A new survey shows that telecommunications has overtaken housing as a key priority for infrastructure investment as remote working continues for many during the Covid-19 pandemic.
The latest Bank of Ireland Economic Pulse showed a reading of 65.1 in September and it has now recovered almost 60% of its Covid-related losses.
The index, which combines the results of the Consumer and Business Pulses, was up 5.8 on last month but down 11.1 on a year ago.
Bank of Ireland said the improvement in the Economic Pulse this month comes on foot of a rebound in the Business Pulse after a dip last month.
Sentiment rose in all four sectors - industry, services, retail and construction - though Brexit was back on firms' radar as the end of the transition period approaches and the talks on the future UK-EU trade relationship floundered.
But for households, the heightened uncertainty on this front added to growing concerns about the virus and kept the Consumer Pulse at a low ebb in September.
Dr Loretta O'Sullivan, group chief economist for Bank of Ireland, said the Economic Pulse was back on track this month and has now recovered almost 60% of its Covid-related losses.
But the economist noted that the underlying picture was mixed.
"For firms, it was a case of moving on from last month's re-opening setbacks and getting back to business, whereas consumers remained cautious in the face of the resurgence in the virus," she said.
"Telecommunications pipped housing to the post this month as the priority area businesses identified for infrastructure investment, reflecting the ongoing pattern of working from home and emphasising the importance of the National Broadband Plan," she added.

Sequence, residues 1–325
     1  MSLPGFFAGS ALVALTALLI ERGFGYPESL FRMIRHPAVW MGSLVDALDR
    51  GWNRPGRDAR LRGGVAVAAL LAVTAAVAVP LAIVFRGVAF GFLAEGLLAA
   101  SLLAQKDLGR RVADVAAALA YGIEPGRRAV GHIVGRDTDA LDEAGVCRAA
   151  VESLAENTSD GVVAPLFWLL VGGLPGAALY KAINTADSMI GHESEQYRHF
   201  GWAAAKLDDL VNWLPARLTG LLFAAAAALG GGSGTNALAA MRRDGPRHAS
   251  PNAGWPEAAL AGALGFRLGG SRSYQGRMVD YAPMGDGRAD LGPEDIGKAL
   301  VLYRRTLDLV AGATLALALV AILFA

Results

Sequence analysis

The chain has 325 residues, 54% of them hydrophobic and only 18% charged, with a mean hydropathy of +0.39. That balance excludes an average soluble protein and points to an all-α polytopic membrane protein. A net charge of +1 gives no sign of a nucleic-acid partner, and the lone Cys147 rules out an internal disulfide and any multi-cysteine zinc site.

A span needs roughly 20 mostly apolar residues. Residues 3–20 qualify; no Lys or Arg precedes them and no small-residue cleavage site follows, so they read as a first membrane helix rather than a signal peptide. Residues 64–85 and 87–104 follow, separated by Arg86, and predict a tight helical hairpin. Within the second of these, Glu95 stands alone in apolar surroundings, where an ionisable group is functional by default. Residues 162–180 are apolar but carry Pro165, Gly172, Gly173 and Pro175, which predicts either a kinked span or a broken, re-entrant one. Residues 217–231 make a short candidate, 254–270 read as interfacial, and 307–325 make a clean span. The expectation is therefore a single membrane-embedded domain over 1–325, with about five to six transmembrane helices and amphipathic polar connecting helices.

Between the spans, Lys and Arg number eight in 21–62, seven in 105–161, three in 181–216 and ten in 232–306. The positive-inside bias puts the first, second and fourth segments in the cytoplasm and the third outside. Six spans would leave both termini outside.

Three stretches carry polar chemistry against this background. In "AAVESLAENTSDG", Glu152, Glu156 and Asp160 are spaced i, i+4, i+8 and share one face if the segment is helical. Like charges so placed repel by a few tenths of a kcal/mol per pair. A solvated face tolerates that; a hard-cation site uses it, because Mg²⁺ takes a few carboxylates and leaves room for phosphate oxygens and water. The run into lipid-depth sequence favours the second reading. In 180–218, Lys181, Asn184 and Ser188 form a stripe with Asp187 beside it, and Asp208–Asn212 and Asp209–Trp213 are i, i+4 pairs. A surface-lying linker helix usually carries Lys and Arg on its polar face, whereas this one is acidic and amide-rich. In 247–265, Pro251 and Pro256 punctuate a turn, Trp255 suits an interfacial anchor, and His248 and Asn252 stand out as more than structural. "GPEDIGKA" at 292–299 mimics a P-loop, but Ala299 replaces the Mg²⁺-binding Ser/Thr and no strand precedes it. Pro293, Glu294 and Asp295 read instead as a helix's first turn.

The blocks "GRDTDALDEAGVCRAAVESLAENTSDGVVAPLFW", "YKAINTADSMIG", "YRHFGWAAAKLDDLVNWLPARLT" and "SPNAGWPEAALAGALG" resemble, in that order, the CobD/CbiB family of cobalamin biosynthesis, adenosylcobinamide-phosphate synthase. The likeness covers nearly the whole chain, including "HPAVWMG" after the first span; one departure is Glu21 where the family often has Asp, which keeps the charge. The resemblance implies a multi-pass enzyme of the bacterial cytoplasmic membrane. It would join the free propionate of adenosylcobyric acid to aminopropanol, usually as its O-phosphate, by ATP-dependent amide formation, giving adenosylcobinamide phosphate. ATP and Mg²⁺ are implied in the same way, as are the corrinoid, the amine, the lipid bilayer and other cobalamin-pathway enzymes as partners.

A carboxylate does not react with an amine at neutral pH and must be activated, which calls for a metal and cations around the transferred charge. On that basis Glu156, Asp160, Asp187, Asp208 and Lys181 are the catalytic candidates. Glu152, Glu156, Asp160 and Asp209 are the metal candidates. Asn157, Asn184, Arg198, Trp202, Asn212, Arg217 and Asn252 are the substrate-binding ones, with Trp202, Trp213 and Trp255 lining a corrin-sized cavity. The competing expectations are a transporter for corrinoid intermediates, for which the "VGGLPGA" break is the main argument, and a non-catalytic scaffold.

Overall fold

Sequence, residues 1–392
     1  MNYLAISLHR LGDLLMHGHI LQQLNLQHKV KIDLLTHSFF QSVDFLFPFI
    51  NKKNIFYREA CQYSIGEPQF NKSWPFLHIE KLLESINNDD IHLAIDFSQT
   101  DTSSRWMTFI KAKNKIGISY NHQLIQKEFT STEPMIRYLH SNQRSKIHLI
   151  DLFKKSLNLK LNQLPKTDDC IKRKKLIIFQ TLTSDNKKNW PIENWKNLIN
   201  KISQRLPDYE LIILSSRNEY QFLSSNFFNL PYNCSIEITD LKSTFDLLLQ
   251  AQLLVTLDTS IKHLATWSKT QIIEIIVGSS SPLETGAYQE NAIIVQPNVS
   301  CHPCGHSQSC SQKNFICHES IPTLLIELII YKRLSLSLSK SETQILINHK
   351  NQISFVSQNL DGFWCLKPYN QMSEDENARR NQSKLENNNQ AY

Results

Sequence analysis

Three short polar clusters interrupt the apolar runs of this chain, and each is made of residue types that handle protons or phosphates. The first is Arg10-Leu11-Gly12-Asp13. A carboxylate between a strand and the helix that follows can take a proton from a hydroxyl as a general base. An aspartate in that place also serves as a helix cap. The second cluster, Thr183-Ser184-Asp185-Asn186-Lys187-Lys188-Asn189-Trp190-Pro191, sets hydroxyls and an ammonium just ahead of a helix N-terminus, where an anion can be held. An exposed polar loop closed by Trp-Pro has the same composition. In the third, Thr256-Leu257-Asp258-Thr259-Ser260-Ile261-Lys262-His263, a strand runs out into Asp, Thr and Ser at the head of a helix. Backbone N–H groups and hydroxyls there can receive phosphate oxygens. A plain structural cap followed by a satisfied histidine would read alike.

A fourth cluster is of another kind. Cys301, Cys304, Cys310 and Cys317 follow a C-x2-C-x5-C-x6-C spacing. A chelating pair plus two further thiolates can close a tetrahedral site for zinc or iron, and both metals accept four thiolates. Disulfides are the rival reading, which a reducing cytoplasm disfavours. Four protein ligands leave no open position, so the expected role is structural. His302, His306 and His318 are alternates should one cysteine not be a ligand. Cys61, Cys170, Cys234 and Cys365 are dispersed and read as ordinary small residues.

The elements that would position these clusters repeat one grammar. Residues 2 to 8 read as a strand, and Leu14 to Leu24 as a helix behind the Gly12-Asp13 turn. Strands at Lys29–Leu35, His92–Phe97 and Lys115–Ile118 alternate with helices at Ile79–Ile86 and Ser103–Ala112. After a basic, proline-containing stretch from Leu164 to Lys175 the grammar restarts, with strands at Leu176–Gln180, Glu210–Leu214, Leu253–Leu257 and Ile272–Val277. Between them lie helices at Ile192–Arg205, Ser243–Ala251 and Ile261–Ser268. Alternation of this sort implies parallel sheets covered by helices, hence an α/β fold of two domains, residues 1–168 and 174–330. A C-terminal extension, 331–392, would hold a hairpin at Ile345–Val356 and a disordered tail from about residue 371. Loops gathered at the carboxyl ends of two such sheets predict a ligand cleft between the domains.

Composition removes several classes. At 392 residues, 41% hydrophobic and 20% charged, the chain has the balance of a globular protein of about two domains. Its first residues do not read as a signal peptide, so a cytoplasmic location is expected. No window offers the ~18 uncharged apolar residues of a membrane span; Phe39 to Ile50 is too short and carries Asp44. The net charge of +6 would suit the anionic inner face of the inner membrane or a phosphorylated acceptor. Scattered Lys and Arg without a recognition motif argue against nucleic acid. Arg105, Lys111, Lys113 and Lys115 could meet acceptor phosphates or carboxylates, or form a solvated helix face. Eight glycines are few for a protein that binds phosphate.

The Business Pulse came in at 68.2 in September, up 7.3 on last month but 8.4 lower than a year ago.
All four sectoral pulses posted higher readings this month, with firms generally reporting an improvement in order books / sales and hiring.
Bank of Ireland said that with 'wet’ pubs getting the go-ahead to re-open, much of the economy is now someway operational again - local lockdowns aside.
It said that physical distancing requirements and other guidelines have forced firms to move some activities online however, while working from home where possible remains a key part of government advice.
"Telecommunications infrastructure has come under pressure as a result, with almost a third of the firms surveyed in September identifying it as the priority area for public investment in their region," Bank of Ireland stated.
This month's survey also found that escalating tensions between Downing Street and the EU are a concern for businesses, with three in four firms expecting the fallout from the UK's decision to leave the EU to negatively impact the local economy in their region over the next 12 months.
That figure rises to four in five for Connacht and Ulster based firms.
Bank of Ireland also said that at 52.8 in September, the Consumer Pulse was effectively flat on the month but down 21.6 on a year ago.
The bank said that households' take on their own finances and on the current and future state of the economy was little changed this month and remained subdued on the whole amid the resurgence in the virus.
"With the lifting of the Midlands lockdown, households in the Rest of Leinster were a little less downbeat compared with last month though, whereas households in Dublin and Connacht/Ulster were gloomier as the prospect of tighter restrictions loomed large for the former and the souring mood music around Brexit rattled the latter," Bank of Ireland added.